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Aug19WedLorraine Blue knew the Army needed help during the pandemic. So she did something about it. August 19, 2020 by Ken Ramstead
This past spring, Lorraine Blue was watching a Salvation Army commercial appealing for help with COVID-19. Sitting there in her living room, she thought, In the middle of this crazy world, what can I do right now, as one person, to help?
It was simplicity itself to pick up her phone and make a donation, which she did.
But the next day, the thought persisted. Lorraine knew that there must be more she could do to help. But what? That afternoon, as she was passing Bailey’s Home Hardware store in Toronto, it hit her: “I’m sure that the Army is feeding a lot more people now thanks to COVID-19. They must need more food.”
On a whim, she entered the store and found out that they had 400 packages of low-fat bran muffin mix (each package makes 24 muffins) plus 280 large cans of vanilla icing that were nearing their expiration dates in a month, though the manager assured her that they would keep for much longer. Lorraine promptly purchased the lot, and when the Home Hardware manager found out why she was buying them, he gave her a steep discount. Home Hardware staff even helped her place the boxes in her car.
Lorraine’s next step was to contact The Salvation Army’s divisional headquarters in Toronto to find out how she could donate all this food. The automated answering service frustrated her efforts, as she knew no one there, but after randomly pressing buttons in hopes of connecting to a “live” person, she managed to reach Vivienne So, a manager in employee relations.
“I was moved by her story,” Vivienne says, “and I wanted to see this donation put to good use.”
But she had only been on the job for six months and wasn’t sure what the protocol was.
“I didn’t feel right to just say ‘wrong number’ or pass her along,” Vivienne says, “so I decided to take care of this myself.”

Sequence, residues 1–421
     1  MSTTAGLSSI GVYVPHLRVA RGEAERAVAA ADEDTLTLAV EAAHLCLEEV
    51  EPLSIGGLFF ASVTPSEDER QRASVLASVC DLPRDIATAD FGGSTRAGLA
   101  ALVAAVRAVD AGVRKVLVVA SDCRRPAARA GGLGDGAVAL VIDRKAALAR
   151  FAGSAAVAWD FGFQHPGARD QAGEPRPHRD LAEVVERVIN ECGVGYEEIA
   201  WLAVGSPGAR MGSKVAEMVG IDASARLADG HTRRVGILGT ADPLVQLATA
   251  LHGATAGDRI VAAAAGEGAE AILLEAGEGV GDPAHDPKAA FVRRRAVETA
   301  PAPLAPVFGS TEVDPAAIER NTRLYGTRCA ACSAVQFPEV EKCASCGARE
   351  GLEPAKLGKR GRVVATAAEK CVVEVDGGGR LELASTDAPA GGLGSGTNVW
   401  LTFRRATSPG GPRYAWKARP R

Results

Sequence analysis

After a number of inquiries, Vivienne was directed to the Army’s Railside distribution centre and passed on their contact information to a happy Lorraine.
She, in turn, loaded her car up and drove to the Railside facility with the purchased and donated supplies.
“The staff at The Salvation Army were so amazing,” says Lorraine. “Between Home Hardware and Railside, it was a team effort.”
Lorraine’s vision grew. “I realized I was not just helping those who were out of work due to COVID-19,” she says. “I was assisting others that the Army was looking out for: the homeless, the seniors, the disabled.”
When she returned to purchase more food, Bailey’s Home Hardware donated items free of charge, including masks and hand sanitizer. Soon, friends and acquaintances were dropping off purchases at Lorraine’s home, having heard of her efforts. Now Lorraine had more items than she could fit in her car, so her friend, Sandy Blackwell, drove over to help bring everything to Railside.
Lorraine’s project also received support from her local Costco, which donated a skid of bananas, and a local liquidation store contributed foodstuffs. A friend of Sandy’s donated $200 from her own pocket to supply medical gloves, even though she had been recently laid off from her job.
“She wanted to contribute to the cause in any way she could,” says Lorraine.
Other local companies have given skids of deodorant, cases of cookies, individual bags of caramel cashew mix and toothpaste, either for free or at drastically reduced rates.
“It’s a feeling that keeps spreading and growing larger and larger every day,” smiles Lorraine. “We have become a team of kindred souls, one generous act at a time.”
“A Better Place”
“We often take for granted small acts of kindness, but God’s plan is so clear: He wants us to love others,” says Lisa Baker, Vivienne’s supervisor and head of employee relations at the Army’s divisional headquarters. “Lorraine’s efforts are so appreciated.”
“Piece by piece, if everyone did a little something, the world would be a better place,” Lorraine concludes.